Case in point: the nuclear power industry. On both sides of the water, executives had a choice: protect the public good and tell the truth, or just kick the problem further down the road.
In Japan, at least five of six GE Mark 1 nuclear reactors are failing and melting down, not only because of faulty design, but also because it was too expensive to deal with the problem.
Even when there is a problem — such as a catastrophic failure — officials stand up, bow deeply, apologize for the inconvenience, and continue to minimize the depth of the problem.
New York Times on the lack of information:
“Foreign nuclear experts, the Japanese press and an increasingly angry and rattled Japanese public are frustrated by government and power company officials’ failure to communicate clearly and promptly about the nuclear crisis. Pointing to conflicting reports, ambiguous language and a constant refusal to confirm the most basic facts, they suspect officials of withholding or fudging crucial information about the risks posed by the ravaged Daiichi plant.”
They should have done more than apologize. In 2008, reports the London Daily Telegraph, the International Atomic Energy Commission warned Japan about catastrophic failures at plants, should an earthquake occur.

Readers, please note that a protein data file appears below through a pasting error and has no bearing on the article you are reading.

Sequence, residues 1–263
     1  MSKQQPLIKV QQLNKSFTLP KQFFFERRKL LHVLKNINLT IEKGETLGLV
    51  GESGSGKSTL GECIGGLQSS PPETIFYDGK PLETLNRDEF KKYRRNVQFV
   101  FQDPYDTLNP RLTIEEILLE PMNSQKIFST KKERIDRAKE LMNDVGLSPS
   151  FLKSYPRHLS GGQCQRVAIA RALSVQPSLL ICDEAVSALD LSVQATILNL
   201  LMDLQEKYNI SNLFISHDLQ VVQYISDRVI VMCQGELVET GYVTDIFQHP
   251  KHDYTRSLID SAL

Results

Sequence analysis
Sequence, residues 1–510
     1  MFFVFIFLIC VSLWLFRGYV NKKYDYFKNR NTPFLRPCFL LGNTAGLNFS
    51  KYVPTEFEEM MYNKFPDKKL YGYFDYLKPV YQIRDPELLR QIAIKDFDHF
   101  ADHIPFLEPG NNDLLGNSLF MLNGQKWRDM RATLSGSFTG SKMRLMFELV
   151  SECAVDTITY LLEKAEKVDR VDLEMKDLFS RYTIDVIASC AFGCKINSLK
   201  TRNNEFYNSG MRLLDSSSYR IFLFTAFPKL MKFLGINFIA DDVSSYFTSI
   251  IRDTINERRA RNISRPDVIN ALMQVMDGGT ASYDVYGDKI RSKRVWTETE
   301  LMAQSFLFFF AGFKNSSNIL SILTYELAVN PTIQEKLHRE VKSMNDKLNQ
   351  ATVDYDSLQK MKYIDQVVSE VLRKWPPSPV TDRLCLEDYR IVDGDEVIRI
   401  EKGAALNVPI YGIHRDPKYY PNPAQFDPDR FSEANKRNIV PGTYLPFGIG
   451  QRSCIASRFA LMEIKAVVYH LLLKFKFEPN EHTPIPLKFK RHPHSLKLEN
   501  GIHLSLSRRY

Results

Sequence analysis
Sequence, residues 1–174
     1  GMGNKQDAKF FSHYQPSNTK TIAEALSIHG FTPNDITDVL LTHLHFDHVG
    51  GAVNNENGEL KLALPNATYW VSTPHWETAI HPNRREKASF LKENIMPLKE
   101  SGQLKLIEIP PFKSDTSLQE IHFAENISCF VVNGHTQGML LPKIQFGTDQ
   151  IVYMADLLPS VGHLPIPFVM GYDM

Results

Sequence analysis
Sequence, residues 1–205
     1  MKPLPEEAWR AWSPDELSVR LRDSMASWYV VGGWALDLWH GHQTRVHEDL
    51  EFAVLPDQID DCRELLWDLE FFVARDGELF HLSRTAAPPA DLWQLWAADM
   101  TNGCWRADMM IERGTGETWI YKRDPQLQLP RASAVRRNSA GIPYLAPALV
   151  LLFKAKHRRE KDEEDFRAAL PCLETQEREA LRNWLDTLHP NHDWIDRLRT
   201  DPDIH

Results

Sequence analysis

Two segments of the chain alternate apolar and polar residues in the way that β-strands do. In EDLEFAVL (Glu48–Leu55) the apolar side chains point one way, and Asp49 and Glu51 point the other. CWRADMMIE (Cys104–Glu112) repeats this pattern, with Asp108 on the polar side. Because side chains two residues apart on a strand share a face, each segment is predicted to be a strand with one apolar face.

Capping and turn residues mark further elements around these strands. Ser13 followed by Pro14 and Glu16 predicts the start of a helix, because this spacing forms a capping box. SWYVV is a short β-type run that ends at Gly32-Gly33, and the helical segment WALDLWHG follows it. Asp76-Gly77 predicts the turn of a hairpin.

“On earthquakes and nuclear safety, the IAEA presenter noted the Agency has officials in Japan to learn from Japan’s recent experience dealing with earthquakes and described several areas of IAEA focus. First, he explained that safety guides for seismic safety have only been revised three times in the last 35 years and that the IAEA is now reexamining them. Also, the presenter noted recent earthquakes in some cases have exceeded the design basis for some nuclear plants, and that this a serious problem [emphasis added] that is now driving seismic safety work.”
Now then, what to do about GE Mark 1 nuclear reactors in the United States? Nothing, says GE. These reactors have a 40-year proven track record.
Former employees say they have a 35-year history of troubles. ABC News quotes a former GE employee who quit over concerns about the Mark 1 reactors:
“The problems we identified in 1975 were that, in doing the design of the containment, they did not take into account the dynamic loads that could be experienced with a loss of coolant,” [Dale G.] Bridenbaugh told ABC News in an interview. “The impact loads the containment would receive by this very rapid release of energy could tear the containment apart and create an uncontrolled release.”
That appears to be what is happening in at least five of six GE reactors at Fukushima after the earthquake and tsunami, exacerbated by the fact that back up diesel generators were on a bottom floor, and that spent fuel rods were not controlled after the failure.
According to the Nuclear Information and Resource Service, “There are currently 23 General Electric Mark I reactors in the U.S.–the design that exploded at Fukushima. A top Atomic Energy Commission official first proposed banning this design nearly 40 years ago.”
There it is — if and when there is a catastrophic accident in the United States, the public won’t even get the apology.